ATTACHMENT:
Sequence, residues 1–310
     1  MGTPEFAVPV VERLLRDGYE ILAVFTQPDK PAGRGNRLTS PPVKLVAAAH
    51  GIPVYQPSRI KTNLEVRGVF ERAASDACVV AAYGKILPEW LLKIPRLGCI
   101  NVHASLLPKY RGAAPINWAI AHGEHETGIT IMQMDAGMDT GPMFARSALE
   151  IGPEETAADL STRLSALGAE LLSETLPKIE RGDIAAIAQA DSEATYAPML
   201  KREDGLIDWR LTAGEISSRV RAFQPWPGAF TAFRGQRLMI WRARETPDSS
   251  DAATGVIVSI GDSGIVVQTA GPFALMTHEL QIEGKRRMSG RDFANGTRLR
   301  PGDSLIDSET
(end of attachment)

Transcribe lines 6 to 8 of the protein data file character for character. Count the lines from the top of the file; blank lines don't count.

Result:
   201  KREDGLIDWR LTAGEISSRV RAFQPWPGAF TAFRGQRLMI WRARETPDSS
   251  DAATGVIVSI GDSGIVVQTA GPFALMTHEL QIEGKRRMSG RDFANGTRLR
   301  PGDSLIDSET